Center for Weight Management and Bariatric Surgery

Preparing for Bariatric Surgery

Bariatric surgery is like other major surgeries. You can best prepare by knowing the benefits and risks of surgery and by closely following your doctor's instructions.

Everyone having bariatric surgery will attend a pre-op class led by one of our Nurse Practitioners. This class reviews important instructions pertaining to the day before surgery, review of the hospital course and procedure and instructions for your first week after surgery.

Mentally Prepare Yourself

  • Understand the surgical process and what to expect afterward.
  • Keep in mind that you'll never be able to eat the way you did before, and that you'll have to watch the way you eat for the rest of your life.
  • Due to increased risk of gastric ulcers and gastritis after surgery we advise patients to permanently give up tobacco, alcohol, and caffeine (including coffee, tea & soda) lifelong. We also recommend discontinuing or limiting the use of NSAIDS due to the same potential risks.
  • Talk to people who have had bariatric surgery. Attending three or more support groups before surgery is a good way to prepare yourself.
  • Write a letter to yourself explaining your reasons for having bariatric surgery and outlining your plans to maintain your weight loss after surgery.
  • Start a journal. Record how you feel now, the challenges you face, and the things you hope to be able to do after bariatric surgery.
  • Get a letter of support from your family. It helps to know you have people behind you, waiting to help.

Physically Prepare Yourself

It is critical that you follow the guidelines that your doctor gives you. The guidelines will be based upon your procedure, your personal profile, and other factors. You want to ensure your best outcome and the guidelines will help you do your part.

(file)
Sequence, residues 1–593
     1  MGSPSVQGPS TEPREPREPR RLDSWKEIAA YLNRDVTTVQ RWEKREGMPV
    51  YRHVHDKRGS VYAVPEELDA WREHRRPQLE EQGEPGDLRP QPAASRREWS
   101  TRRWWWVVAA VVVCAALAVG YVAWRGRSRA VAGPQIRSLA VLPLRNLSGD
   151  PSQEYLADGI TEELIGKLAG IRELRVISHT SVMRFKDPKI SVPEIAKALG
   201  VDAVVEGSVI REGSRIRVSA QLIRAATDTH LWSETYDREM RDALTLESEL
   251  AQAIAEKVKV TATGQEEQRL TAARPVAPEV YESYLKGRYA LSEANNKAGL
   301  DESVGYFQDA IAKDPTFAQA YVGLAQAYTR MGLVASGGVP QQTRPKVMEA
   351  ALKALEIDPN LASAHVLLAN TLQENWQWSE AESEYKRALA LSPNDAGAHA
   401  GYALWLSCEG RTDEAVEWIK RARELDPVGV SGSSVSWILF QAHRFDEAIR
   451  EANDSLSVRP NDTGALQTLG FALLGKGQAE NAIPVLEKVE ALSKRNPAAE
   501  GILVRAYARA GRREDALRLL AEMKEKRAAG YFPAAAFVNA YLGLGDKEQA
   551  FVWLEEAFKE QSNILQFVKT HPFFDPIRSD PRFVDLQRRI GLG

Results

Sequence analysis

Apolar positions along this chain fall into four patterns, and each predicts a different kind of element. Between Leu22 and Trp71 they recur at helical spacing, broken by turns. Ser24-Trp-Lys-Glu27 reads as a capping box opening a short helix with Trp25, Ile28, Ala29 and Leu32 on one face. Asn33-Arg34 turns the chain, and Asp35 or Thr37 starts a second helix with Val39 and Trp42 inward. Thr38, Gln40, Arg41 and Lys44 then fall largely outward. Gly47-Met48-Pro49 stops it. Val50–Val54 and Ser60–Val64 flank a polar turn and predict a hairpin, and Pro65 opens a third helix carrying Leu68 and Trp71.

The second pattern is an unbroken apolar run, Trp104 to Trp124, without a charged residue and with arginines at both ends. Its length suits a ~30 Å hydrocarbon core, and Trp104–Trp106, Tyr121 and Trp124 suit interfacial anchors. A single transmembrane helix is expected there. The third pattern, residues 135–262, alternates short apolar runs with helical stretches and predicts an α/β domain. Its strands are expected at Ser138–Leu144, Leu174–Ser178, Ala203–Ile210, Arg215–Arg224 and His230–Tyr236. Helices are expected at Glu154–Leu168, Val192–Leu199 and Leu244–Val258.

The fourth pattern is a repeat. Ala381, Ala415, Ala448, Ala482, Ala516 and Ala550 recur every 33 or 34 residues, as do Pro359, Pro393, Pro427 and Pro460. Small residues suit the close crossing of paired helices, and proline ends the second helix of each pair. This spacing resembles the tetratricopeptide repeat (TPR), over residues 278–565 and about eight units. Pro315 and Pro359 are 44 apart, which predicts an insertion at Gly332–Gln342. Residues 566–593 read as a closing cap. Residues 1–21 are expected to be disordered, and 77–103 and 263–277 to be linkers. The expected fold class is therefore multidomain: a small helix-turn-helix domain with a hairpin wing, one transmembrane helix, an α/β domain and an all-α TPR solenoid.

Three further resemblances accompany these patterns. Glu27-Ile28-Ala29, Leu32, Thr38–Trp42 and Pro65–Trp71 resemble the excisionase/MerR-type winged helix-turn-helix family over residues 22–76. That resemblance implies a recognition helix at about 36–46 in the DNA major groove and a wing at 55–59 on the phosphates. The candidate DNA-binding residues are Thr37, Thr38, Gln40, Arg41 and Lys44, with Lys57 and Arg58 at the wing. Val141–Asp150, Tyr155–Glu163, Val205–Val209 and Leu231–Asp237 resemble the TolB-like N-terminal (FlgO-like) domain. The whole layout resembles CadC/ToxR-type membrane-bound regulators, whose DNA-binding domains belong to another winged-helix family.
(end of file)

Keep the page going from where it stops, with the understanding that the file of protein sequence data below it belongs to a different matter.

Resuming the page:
What to Expect After Surgery

After bariatric surgery, the amount of food that you eat is less than what you could eat pre-surgery. At the same time, a feeling of satisfaction, or satiety, is achieved with these small quantities of food. If you eat a large meal or foods high in fat and/or sugar after gastric bypass surgery you very likely will have a painful physical reaction. This "dumping syndrome" response helps you avoid large meals and unhealthy foods.

How Much Weight can I Expect to Lose?

The actual weight you will lose after a bariatric procedure is dependent on several factors, including:

  • Age
  • Weight before surgery
  • Overall condition of your health
  • Surgical procedure
  • Ability to exercise
  • Commitment to maintaining dietary guidelines and follow-up care
  • Your motivation and cooperation of family, friends and associates

In general, weight loss surgery success is defined as achieving loss of 50% or more of excess body weight and maintaining that level for at least five years. Clinical data will vary for each of the different weight loss procedures mentioned on this site, and results may also vary by bariatric surgeon.

To make sure you are well informed, have your surgeon review the clinical data and outcomes of the particular procedure they are recommending for you.

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